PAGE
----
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Refreshing Pauses

I need to recharge my emotional, spiritual, cognitive, and physical batteries. In a conversation with a colleague in Spokane, we talked about how we were on the go constantly, busy and, when we got to Spokane we slowed down. I fall into a trap of busyness, which brings about a sense of dis-ease. Regardless of how much time I spent in Spokane, I soon realized I fell into a different rhythm of life, one of ease.

Thomas Merton and Thich Nhat Hanh wrote about an active life, one full of busyness, leaving humans depleted. The result is I need times where stress and busyness is reduced to be more present and aware of the life I live. For me, time used to read and write provide necessary breaks.

“Love is our true destiny. We do not find the meaning of life by ourselves alone – we find it with another.” (Thomas Merton)

“We have to learn to live our life as a human being deeply. We need to live each breath deeply so that we have peace, joy and freedom as we breathe.” (Thich Nhat Hanh)

I wrote this poem about a need to recharge batteries, about being present for others, returning hopefully a better person. It is also about finding deeper meaning in my life not always readily visible as I rush around. Black Elk‘s (Heȟáka Sápa) quote inspired the poem, reminding me much of living is recurring in a circle.

Heart opens quietly,

Listen deeply,

Worth waiting.

Lingering in solitude’s support,

Sheltering in its comfort,

Inviting me in.

Not escaping,

Circling back renewed,

Wholeness restored.

Community beckoning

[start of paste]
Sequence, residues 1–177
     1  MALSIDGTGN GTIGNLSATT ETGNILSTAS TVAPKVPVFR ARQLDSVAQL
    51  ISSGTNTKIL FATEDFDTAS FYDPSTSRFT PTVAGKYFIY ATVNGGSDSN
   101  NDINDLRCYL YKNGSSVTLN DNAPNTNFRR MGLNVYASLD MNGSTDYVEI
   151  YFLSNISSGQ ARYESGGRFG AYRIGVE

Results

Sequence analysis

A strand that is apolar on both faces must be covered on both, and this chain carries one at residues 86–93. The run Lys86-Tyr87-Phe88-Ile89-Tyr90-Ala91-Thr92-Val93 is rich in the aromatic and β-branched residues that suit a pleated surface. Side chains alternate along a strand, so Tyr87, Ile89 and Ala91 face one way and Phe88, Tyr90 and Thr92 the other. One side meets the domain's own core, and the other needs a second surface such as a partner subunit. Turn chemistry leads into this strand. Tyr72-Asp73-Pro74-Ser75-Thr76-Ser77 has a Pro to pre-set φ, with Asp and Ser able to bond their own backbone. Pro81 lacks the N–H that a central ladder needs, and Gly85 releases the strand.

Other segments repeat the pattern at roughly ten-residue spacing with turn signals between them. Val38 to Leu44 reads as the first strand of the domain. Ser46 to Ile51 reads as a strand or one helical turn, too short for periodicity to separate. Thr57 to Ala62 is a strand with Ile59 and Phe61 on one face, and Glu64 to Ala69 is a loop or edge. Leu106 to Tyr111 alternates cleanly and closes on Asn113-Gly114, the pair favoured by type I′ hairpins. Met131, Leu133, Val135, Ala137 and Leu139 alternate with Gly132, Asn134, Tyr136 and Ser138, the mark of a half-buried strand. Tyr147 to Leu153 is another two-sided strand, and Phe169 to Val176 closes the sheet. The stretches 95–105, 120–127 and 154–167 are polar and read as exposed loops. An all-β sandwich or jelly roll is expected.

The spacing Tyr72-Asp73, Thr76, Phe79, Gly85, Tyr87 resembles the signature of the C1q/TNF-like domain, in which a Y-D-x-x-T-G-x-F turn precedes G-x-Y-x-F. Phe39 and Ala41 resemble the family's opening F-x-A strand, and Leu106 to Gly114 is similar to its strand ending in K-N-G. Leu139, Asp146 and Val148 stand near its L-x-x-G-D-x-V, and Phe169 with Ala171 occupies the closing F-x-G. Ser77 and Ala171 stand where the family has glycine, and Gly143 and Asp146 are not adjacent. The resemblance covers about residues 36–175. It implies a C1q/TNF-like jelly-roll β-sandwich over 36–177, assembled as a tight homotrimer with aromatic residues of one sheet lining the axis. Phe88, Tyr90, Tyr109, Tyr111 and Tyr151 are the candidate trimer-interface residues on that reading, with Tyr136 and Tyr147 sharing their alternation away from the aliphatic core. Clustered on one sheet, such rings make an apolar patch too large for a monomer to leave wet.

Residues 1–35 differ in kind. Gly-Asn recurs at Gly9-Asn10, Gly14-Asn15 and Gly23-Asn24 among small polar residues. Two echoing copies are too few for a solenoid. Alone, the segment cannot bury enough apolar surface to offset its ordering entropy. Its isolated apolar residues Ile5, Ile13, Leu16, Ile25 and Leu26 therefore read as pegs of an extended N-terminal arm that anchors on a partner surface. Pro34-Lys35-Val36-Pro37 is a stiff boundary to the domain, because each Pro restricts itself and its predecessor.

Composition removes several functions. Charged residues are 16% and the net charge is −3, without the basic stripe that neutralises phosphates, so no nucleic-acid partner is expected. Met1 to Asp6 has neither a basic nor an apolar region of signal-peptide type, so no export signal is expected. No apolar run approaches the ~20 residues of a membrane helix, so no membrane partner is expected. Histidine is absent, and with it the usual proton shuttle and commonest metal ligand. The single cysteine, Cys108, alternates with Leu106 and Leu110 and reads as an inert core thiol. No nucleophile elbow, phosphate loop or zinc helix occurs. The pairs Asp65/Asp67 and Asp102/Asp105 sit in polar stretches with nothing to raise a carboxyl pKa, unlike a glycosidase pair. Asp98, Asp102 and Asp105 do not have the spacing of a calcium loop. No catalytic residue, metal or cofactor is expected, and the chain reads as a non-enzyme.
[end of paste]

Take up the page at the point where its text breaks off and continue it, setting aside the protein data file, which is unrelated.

Refreshing pause,

Recurring alchemy of both revitaling.

The Sunset

There is an interdependence I often lose track of in life when I get busy. It was nice to get away from the reading and writing for a few days. Black Elk, a holy man of the Oglala Lakota, said these words many years ago and they resonate with me today.

I recognize that interconnectedness when I allow myself to find a higher vantage point. My daily life, surrounded with by busyness, focuses me on the particulars. The spiritual vantage point, which elevates me, allows me to see sometimes the fuller circle.

Then I was standing on the highest mountain of them all,

And round beneath me was the whole hoop of the world

And while I stood there I saw more than I can tell

And I understood more than I saw

For I was seeing in the sacred manner the shape of all things of the spirit!

And I saw that the sacred hoop of my people was one of many hoops that make one circle, wide as daylight and starlight,

And in the center grew one mighty flowering tree.

Heading Home – Haiku Haven

Kathy and I head home after a great month in Spokane and at Gonzaga. I enjoy my time here and find the “pause that refreshes.” Part of this is paying forward which happens and the flow of time within this relational space. I see paying forward as a circle. Yesterday, we said good-bye to a colleague on his way home. He reminded me I lent him one of my papers his first summer here and how much that meant to him at a time he was ready to pack it in. I told him my first experience here was similar and someone reached out to me. I find the same thing in virtual community. It is harder to carry on conversations and build relationships, but I find a qualities that are unmistakeably human: care, reciprocity, and trust. I am grateful for the daily support I receive in each form of relationship.

Hearts open in time

The reward is worth the wait

We listen deeply.

A place of comfort

The circle invites us in

Its safe reach shelters.

Community calls

Alchemy not formula

Companionship grows.

I found this quote at Circle Toward Wholeness  and it speaks to the circular nature of life and how gifts are constantly received and returned. The quote can also be found at Unitarian Universalist and Circle Fellowship in a more linear form.

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